Types Of Respiration

Types of respiration

External Respiration

One method for obtaining oxygen from the environment is through external respiration or breathing. In animal organisms, the process of external respiration is performed in a number of different ways. Animals that lack specialized organs for respiration rely on diffusion across external tissue surfaces to obtain oxygen. Others either have organs specialized for gas exchange or have a complete respiratory system. In organisms, such as nematodes (roundworms), gases and nutrients are exchanged with the external environment by diffusion across the surface of the animals body. Insects and spiders have respiratory organs called tracheae, while fish have gills as sites for gas exchange. Humans and other mammals have a respiratory system with specialized respiratory organs (lungs) and tissues. In the human body, oxygen is taken into the lungs by inhalation and carbon dioxide is expelled from the lungs by exhalation. External respiration in mammals encompasses the mechanical processes related to breathing. This includes contraction and relaxation of the diaphragm and accessory muscles, as well as breathing rate.

Internal Respiration

External respiratory processes explain how oxygen is obtained, but how does oxygen get to body cells? Internal respiration involves the transportation of gases between the blood and body tissues. Oxygen within the lungs diffuses across the thin epithelium of lung alveoli (air sacs) into surrounding capillaries containing oxygen depleted blood. At the same time, carbon dioxide diffuses in the opposite direction (from the blood to lung alveoli) and is expelled. Oxygen rich blood is transported by the circulatory system from lung capillaries to body cells and tissues. While oxygen is being dropped off at cells, carbon dioxide is being picked up and transported from tissue cells to the lungs.

Cellular Respiration

The oxygen obtained from internal respiration is used by cells in cellular respiration. In order to access the energy stored in the foods we eat, biological molecules composing foods (carbohydrates, proteins, etc,) must be broken down into forms that the body can utilize. This is accomplished through the digestive process where food is broken down and nutrients are absorbed into the blood. As blood is circulated throughout the body, nutrients are transported to body cells. In cellular respiration, glucose obtained from digestion is split into its constituent parts for the production of energy. Through a series of steps, glucose and oxygen are converted to carbon dioxide (CO2), water (H2O), and the high energy molecule adenosine triphosphate (ATP). Carbon dioxide and water formed in the process diffuse into the interstitial fluid surrounding cells. From there, CO2 diffuses into blood plasma and red blood cells. ATP generated in the process provides the energy needed to perform normal cellular functions, such as macromolecule synthesis, muscle contraction, cilia and flagella movement, and cell division.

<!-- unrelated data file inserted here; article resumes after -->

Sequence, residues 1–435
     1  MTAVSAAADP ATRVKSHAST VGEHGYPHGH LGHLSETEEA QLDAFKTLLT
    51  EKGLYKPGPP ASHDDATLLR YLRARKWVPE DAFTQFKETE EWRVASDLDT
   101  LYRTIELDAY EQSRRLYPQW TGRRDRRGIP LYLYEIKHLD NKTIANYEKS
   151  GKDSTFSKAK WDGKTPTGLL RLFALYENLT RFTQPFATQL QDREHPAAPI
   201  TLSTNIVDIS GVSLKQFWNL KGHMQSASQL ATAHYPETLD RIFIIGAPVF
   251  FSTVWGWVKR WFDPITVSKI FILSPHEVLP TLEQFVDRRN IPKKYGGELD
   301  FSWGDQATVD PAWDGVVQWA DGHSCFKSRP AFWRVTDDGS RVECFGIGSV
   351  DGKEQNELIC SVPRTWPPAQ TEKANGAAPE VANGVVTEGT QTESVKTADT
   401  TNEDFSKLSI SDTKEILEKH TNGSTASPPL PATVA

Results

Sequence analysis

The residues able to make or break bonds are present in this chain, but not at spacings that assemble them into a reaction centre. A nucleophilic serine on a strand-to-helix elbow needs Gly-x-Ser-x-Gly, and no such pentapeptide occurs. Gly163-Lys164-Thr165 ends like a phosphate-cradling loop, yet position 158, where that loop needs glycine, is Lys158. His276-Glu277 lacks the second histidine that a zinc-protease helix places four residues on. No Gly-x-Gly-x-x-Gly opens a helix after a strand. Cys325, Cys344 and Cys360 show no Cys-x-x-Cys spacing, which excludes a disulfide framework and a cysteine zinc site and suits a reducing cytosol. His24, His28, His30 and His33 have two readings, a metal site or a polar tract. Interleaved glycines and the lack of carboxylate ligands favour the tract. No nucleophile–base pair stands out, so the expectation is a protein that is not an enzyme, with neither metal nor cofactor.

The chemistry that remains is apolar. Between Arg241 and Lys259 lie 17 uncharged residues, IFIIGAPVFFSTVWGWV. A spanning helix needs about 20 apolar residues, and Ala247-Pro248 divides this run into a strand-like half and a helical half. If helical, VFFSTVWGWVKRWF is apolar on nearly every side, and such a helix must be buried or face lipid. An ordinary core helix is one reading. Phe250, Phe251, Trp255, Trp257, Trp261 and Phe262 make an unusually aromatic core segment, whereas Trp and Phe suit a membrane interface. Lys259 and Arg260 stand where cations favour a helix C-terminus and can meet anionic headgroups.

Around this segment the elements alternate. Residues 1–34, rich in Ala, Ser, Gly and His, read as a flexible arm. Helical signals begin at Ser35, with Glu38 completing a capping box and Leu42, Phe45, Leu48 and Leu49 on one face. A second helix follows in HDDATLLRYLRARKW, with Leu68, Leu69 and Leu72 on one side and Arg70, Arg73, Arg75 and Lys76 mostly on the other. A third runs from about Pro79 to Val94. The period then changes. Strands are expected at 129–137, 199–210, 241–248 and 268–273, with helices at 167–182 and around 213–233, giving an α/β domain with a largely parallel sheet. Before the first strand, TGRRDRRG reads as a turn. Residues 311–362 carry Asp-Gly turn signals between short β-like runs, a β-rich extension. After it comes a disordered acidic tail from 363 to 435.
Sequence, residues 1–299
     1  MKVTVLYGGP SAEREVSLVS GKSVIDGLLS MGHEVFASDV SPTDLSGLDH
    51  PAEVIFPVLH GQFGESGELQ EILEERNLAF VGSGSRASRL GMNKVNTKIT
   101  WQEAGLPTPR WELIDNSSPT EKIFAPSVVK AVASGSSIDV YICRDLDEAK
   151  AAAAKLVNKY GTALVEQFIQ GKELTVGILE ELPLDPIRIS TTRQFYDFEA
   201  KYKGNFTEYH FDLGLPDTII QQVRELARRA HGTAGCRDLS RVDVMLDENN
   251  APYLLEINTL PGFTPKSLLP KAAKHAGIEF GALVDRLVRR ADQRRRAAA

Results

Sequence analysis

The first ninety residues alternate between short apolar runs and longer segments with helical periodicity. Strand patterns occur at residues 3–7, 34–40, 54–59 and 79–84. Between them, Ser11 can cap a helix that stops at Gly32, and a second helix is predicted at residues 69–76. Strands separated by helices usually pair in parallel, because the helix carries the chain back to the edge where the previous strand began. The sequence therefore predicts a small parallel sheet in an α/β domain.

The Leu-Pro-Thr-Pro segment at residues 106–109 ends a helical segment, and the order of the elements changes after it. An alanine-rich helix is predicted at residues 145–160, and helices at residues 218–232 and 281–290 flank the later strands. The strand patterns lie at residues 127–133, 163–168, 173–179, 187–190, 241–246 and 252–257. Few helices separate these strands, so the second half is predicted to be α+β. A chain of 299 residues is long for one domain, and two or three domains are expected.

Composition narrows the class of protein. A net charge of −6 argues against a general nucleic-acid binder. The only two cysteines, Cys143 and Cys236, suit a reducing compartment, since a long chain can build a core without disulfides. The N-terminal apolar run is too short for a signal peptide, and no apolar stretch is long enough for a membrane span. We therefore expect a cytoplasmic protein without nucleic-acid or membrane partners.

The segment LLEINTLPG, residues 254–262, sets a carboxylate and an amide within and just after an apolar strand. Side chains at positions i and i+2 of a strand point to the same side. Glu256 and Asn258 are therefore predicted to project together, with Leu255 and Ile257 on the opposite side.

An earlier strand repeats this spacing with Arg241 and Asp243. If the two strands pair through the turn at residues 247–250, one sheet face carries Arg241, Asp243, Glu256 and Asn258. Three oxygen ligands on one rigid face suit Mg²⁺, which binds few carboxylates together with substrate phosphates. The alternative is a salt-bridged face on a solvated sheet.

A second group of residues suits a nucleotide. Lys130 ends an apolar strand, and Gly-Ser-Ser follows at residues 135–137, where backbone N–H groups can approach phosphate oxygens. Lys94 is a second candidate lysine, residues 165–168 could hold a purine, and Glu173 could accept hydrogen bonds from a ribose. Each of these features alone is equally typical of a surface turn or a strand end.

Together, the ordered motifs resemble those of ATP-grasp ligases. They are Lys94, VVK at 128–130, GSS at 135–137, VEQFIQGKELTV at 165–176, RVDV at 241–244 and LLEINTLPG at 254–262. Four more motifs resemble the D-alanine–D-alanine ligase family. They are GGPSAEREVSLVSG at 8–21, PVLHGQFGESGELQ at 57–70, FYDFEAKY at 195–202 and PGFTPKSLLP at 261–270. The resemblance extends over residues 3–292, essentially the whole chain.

Aerobic Respiration

Aerobic cellular respiration consists of three stages: glycolysis, citric acid cycle (Krebs Cycle), and electron transport with oxidative phosphorylation.

Glycolysis occurs in the cytoplasm and involves the oxidation or splitting of glucose into pyruvate. Two molecules of ATP and two molecules of the high energy NADH are also produced in glycolysis. In the presence of oxygen, pyruvate enters the inner matrix of cell mitochondria and undergoes further oxidation in the Krebs cycle.

Krebs Cycle: Two additional molecules of ATP are produced in this cycle along with CO2, additional protons and electrons, and the high energy molecules NADH and FADH2. Electrons generated in the Krebs cycle move across the folds in the inner membrane (cristae) that separate the mitochondrial matrix (inner compartment) from the intermembrane space (outer compartment). This creates an electrical gradient, which helps the the electron transport chain pump hydrogen protons out of the matrix and into the intermembrane space.

The electron transport chain is a series of electron carrier protein complexes within the mitochondrial inner membrane. NADH and FADH2 generated in the Krebs cycle transfer their energy in the electron transport chain to transport protons and electrons to the intermembrane space. The high concentration of hydrogen protons in the intermembrane space is utilized by the protein complex ATP synthase to transport protons back into the matrix. This provides the energy for the phosphorylation of ADP to ATP. Electron transport and oxidative phosphorylation account for the formation of 34 molecules of ATP.

In total, 38 ATP molecules are produced by prokaryotes in the oxidation of a single glucose molecule. This number is reduced to 36 ATP molecules in eukaryotes, as two ATP are consumed in the transfer of NADH to mitochondria.

Anaerobic Respiration

How do extremophiles like some bacteria and archaeans survive in environments without oxygen? The answer is by anaerobic respiration. This type of respiration occurs without oxygen and involves the consumption of another molecule (nitrate, sulfur, iron, carbon dioxide, etc.) instead of oxygen. Unlike in fermentation, anaerobic respiration involves the formation of an electrochemical gradient by an electron transport system that results in the production of a number of ATP molecules. Unlike in aerobic respiration, the final electron recipient is a molecule other than oxygen. Many anaerobic organisms are obligate anaerobes; they don’t perform oxidative phosphorylation and die in the presence of oxygen. Others are facultative anaerobes and can also perform aerobic respiration when oxygen is available.


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